Court upholds man's conviction for 2017 murder on Ashmont Street

The Supreme Judicial Court on Thursday upheld Shaquille Brown's conviction for murdering Christopher Austin on Ashmont Street in 2017.

The ruling means Brown will spend the rest of his life in prison.

The state's highest court acknowledged arguments from Brown's attorney that prosecutors said some things they probably shouldn't have to convince a grand jury to indict Brown and to then convince a Suffolk Superior Court jury to convict him, but ruled that overall, the mistakes were minor and did not unfairly prejudice Brown's case.

The court also concluded that even though two people who saw a man matching Brown's description fleeing from the scene did not get a good look at his face, and that police were unable to link the guns and ammunition found in the room in Brown's mother's Mattapan house where he was staying to the murder, there was still enough evidence to convict him - including the distinctive baggy pants he wore and the fact that the man seen going up to Austin and then hurrying away had a chipped tooth. A store security camera also produced video evidence tying him to the scene.

According to the court's summary, Austin was walking down Ashmont Street to the Red Line to get to his job at Logan Airport on June 28, 2017 when he went into a store on the way to buy something.

"When he arrived, two men were sitting in a blue Honda Accord that was parked in front of the store. One of the men, later identified as the defendant, got out on the passenger's side and stood next to the Accord while the victim completed his purchase inside. As the victim left the store and walked down Ashmont Street, the defendant bent down toward the Accord before getting back into the vehicle and closing the door. Several minutes later, as the victim continued walking east on Ashmont Street, the Accord pulled away from the curb and traveled in the same direction down the one-way street."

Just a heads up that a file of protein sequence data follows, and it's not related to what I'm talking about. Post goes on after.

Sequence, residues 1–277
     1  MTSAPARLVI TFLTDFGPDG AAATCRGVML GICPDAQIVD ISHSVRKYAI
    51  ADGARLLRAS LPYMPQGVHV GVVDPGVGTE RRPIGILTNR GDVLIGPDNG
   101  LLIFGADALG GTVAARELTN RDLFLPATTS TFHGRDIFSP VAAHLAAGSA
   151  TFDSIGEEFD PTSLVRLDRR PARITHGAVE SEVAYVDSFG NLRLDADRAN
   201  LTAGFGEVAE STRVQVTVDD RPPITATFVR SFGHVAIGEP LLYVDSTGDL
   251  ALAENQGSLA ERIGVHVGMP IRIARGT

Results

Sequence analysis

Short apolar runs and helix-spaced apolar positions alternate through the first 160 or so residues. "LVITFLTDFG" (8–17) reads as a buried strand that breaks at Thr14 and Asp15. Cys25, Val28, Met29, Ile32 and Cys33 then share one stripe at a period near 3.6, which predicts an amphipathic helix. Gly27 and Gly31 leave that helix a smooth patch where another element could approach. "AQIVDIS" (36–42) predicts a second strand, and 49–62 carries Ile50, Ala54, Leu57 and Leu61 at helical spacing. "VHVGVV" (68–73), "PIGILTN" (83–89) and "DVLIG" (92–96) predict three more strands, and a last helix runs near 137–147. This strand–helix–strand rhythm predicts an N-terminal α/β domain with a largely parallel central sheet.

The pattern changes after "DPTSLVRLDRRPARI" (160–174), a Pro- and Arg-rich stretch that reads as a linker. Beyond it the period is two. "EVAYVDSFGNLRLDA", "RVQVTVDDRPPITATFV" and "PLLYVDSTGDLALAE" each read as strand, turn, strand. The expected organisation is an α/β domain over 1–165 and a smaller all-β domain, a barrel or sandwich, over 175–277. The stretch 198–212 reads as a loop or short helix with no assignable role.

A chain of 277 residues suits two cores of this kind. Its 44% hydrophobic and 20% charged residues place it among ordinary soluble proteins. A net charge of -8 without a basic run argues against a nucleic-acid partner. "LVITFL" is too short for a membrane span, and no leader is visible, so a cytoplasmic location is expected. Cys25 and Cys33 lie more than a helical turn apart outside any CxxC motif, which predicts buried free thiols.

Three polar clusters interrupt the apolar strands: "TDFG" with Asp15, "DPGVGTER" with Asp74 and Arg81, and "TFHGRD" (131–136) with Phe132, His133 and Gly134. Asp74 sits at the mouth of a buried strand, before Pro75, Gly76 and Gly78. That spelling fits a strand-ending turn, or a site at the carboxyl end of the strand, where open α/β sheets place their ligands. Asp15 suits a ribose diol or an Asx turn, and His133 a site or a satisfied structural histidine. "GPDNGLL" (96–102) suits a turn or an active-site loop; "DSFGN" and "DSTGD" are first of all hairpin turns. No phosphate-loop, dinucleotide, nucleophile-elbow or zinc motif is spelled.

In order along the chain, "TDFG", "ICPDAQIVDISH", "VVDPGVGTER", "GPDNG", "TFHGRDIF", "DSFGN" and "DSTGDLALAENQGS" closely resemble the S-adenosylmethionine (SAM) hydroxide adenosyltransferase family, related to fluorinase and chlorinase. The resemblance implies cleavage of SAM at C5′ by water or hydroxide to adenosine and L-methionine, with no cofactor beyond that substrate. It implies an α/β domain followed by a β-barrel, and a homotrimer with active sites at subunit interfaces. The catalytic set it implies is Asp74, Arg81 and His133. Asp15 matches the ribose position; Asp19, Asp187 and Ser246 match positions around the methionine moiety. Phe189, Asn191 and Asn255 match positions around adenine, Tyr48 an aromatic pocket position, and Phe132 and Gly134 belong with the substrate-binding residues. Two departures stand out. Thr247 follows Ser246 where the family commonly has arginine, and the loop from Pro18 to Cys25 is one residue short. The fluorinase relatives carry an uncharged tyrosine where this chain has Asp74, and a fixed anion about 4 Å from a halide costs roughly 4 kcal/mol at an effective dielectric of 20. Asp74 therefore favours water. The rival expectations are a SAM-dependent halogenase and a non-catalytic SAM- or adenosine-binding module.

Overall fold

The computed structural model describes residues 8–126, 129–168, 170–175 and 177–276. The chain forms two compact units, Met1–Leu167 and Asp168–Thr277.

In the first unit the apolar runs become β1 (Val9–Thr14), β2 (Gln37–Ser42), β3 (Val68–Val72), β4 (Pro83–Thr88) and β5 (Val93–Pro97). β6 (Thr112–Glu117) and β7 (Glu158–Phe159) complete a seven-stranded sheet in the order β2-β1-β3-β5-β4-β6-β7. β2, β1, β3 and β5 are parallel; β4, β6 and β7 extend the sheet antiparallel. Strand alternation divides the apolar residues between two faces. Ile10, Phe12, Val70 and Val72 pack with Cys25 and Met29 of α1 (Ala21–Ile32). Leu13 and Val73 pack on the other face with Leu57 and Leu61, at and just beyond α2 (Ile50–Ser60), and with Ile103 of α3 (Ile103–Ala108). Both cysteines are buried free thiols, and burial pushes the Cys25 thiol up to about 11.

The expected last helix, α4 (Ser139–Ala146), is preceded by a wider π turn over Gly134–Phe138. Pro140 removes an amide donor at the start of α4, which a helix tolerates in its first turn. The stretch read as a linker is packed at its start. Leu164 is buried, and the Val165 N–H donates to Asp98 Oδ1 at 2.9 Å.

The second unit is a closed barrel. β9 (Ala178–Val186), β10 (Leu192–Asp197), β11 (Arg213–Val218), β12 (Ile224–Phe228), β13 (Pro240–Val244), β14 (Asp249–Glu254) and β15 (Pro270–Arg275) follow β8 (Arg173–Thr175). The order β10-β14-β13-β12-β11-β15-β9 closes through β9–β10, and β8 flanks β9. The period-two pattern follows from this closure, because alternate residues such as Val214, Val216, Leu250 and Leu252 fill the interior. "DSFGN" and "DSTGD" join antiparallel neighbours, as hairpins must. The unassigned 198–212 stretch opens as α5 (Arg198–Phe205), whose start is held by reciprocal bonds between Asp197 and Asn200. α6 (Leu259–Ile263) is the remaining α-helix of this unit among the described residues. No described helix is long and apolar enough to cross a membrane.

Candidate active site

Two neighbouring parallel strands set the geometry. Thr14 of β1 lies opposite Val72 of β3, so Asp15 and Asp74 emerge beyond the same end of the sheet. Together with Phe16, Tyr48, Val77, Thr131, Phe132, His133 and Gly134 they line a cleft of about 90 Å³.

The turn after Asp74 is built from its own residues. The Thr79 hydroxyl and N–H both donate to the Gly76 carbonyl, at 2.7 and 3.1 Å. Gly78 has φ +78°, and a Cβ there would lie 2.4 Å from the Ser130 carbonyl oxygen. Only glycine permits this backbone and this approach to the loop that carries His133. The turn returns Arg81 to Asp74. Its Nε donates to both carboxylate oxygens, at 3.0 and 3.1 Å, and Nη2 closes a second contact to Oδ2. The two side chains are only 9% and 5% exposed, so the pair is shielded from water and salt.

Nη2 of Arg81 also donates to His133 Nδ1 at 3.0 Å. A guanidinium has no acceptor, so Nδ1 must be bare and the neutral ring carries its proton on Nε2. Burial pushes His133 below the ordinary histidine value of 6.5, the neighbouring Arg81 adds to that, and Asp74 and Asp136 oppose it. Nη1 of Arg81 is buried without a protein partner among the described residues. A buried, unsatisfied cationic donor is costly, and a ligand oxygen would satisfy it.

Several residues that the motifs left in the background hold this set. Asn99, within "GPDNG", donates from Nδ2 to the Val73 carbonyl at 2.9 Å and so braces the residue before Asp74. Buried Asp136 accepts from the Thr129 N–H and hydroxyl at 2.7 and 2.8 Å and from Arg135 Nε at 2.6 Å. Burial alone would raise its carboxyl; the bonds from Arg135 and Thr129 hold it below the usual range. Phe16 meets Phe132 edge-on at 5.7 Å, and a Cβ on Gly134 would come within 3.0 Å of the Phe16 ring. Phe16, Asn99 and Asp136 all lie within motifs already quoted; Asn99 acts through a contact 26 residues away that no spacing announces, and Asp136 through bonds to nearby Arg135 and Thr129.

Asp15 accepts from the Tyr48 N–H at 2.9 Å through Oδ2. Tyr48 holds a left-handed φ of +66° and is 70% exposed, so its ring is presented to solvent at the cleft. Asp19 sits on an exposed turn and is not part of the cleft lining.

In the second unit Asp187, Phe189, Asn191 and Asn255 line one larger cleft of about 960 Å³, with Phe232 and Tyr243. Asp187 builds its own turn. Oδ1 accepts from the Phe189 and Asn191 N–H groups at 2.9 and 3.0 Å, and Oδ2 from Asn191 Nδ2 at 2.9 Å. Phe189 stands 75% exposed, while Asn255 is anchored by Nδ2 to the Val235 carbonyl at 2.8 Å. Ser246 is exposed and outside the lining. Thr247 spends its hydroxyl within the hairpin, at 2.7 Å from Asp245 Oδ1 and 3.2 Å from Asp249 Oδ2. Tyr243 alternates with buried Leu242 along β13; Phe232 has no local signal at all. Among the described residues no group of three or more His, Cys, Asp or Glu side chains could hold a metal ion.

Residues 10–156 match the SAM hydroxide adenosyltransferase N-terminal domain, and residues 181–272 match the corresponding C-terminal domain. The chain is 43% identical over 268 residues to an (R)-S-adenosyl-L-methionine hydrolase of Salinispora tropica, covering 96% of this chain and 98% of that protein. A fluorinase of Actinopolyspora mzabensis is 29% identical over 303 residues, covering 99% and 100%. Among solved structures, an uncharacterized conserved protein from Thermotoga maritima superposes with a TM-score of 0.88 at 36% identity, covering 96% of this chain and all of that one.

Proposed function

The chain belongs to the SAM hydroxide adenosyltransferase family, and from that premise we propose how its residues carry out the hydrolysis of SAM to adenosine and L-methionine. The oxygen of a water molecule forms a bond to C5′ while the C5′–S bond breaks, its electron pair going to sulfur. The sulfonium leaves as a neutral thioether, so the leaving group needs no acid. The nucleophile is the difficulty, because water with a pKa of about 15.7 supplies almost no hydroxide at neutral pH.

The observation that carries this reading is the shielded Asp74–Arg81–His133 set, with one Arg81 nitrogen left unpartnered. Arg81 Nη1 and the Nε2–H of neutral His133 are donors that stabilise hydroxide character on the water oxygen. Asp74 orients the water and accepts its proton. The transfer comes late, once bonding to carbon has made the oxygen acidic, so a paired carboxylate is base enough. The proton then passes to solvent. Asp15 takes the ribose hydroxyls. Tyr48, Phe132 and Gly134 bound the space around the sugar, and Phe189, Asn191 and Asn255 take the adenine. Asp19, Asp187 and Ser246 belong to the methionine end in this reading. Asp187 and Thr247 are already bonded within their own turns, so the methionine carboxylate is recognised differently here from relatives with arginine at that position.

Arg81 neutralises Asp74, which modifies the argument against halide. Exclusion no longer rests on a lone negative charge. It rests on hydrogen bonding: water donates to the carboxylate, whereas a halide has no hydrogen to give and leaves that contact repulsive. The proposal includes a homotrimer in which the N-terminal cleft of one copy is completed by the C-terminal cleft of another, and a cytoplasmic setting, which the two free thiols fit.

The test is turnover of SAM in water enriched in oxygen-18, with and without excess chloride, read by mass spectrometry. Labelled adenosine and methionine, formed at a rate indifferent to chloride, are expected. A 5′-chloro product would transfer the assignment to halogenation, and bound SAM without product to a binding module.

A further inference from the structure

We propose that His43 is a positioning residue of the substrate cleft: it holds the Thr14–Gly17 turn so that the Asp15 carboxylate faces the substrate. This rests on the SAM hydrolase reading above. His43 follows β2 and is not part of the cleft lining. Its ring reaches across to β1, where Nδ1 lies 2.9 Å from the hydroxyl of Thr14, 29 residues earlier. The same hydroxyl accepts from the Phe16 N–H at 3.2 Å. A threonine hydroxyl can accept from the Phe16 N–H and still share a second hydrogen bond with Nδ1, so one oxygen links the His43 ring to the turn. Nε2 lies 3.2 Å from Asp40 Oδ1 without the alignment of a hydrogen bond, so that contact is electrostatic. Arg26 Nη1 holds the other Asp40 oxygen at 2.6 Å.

The car stopped, the passenger got out, went up to Austin, appeared to have a conversation with him and then shot him in the eye, killing him.

The driver of the car was initially charged with Austin's murder as well, but prosecutors dismissed the case against him for lack of evidence that he had anything to do with the murder.

The court rejected arguments from Brown's lawyer that prosecutors failed to show the premeditation required for a first-degree murder conviction:

"In this case, there was lay and medical evidence that the victim had been shot at close range through the eye. Emergency medical technicians attempting to treat the victim at the scene noted signs of stippling on his face, indicating that the shot had been fired from only a few feet away. Minutes before he heard the gunshot, a witness saw the victim standing and talking to a man whose physical characteristics matched the defendant's, and wearing clothes that appeared to match clothing the defendant had been wearing less than ten minutes earlier. The two men appeared to be talking calmly and in a friendly manner. No one else appeared to be outside on either side of the street.

"From this evidence, the jury reasonably could have inferred that the shooter, who had been talking to the victim as they stood near each other, decided to kill the victim, pulled out a gun, and shot him in the face at point-blank range. This, in turn, was sufficient for the jury to have found that the shooter acted with deliberate intent to kill the victim; any reasonable person would know that shooting someone in the head at close range almost certainly would result in death, and there was no evidence of any kind of sudden combat or self-defense."



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